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ive got this situation: Operator pickups phone in helpdesk. By CallerID he gets users contract number and can see personal details. Main question from user is "I dont have internet connection or i cant view web-sites"

Main Page:

  1. MAC
  2. IP
  3. Ping results (his and neighbourhoods)
  4. Type of connection (raidolink/LAN/WiFi)
  5. Account Ballance (+10$/-2$/Disconnected)
  6. First/Last/Middle Name, Contact Phone
  7. CallerID

Second Page:

  1. List of calls before

What else shoud operator know to determine whats problem user has (or if there any problems with conenction to that user) without asking any questions to user?

And what common questions for user are? Like any router/computer is powered on/ etc.

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2 Answers 2

up vote 1 down vote accepted

On the first page:

  • Any currently outstanding incident tickets for that user.
  • Any known problems that may be affecting that user.
  • Any user "flags" - common account statuses that might be relevant to the account handler in dealing with the customer
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Ok, and what else should know operator about network - status? –  MealstroM Jun 7 '11 at 11:03
Ah, sorry, "known problems" is a technical term from ITIL, which is (among other things) a service desk/helpdesk management methodology. Known problems would include relevant network status. –  RobM Dec 29 '11 at 11:16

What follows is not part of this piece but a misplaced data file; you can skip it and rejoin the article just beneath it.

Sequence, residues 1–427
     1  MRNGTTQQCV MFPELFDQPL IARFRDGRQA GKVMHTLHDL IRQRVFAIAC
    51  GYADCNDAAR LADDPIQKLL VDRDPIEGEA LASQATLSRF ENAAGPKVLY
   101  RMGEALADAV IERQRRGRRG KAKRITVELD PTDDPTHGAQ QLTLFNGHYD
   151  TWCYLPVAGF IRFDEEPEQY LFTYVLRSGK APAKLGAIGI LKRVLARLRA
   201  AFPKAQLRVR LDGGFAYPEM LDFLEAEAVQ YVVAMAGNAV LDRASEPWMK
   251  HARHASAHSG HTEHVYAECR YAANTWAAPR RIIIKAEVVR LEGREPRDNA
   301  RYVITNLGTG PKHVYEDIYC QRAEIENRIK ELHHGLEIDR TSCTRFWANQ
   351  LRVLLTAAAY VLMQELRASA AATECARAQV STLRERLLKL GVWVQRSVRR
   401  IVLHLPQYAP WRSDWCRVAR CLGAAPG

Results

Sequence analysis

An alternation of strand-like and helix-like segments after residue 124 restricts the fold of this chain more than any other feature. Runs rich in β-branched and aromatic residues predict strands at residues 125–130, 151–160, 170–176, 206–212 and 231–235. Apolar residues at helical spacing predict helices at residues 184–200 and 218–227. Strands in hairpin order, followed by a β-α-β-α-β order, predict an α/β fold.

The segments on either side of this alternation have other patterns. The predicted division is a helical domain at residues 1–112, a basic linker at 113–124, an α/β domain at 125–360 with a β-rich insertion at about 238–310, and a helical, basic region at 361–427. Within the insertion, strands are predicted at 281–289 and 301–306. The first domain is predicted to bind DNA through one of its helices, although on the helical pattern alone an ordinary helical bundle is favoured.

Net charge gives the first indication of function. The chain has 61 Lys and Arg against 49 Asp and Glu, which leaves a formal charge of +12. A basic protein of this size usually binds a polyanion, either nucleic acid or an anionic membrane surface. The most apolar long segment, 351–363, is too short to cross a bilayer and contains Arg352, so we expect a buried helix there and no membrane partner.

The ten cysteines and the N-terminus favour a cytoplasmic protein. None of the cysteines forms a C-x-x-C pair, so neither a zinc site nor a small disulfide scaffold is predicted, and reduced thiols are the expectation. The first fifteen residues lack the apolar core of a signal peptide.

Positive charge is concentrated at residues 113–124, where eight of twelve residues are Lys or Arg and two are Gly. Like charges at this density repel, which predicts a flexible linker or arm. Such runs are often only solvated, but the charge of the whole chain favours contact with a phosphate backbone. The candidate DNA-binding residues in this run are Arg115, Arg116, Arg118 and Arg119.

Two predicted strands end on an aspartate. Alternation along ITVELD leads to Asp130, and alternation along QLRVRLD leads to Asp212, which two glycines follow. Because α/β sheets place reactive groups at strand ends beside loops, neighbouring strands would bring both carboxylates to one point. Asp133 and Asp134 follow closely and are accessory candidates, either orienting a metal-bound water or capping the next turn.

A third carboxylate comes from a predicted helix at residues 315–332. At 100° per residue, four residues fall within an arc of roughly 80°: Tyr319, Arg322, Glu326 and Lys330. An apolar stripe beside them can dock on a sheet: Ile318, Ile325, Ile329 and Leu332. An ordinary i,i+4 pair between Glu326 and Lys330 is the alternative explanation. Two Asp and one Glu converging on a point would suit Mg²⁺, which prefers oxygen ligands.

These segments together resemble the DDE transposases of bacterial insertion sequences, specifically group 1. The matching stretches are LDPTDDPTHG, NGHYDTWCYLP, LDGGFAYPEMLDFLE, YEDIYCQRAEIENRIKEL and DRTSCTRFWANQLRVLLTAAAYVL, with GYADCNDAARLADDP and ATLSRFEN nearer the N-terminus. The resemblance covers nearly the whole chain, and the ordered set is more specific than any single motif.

Well, some link error statistics have proven to be useful for troubleshooting, but to really know what the user's problem is, this would surely be the most valuable tool:

soothsayer with glass ball

You would need to provide more details on the typical problem range the helpdesk operators are meant to solve in order to get meaningful answers, as only few people here will capable of telepathy or soothsaying.

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Ive edited my question, it is now more specific now. –  MealstroM Jun 7 '11 at 9:00
Well the answer is still "it depends". Do you have your own infrastructure or do you just authenticate dialins and provide IP connectivity? Do you rent out modems or routers that are under your control? You would need a concise list of problems that your helpdesk should be able to solve - then you can derive questionnaires and resolution steps from there on. If your helpdesk should also be able to troubleshoot things, there is no sense in forbidding questions - if no questions were needed, you would be able to see and resolve a problem before a user calls in in the first place. –  the-wabbit Jun 7 '11 at 11:52
it is a lot of trouble to monitore all users. we can monitore some valuable nods. All network equipments is ours. We've already have Nagios system. –  MealstroM Jun 7 '11 at 11:59

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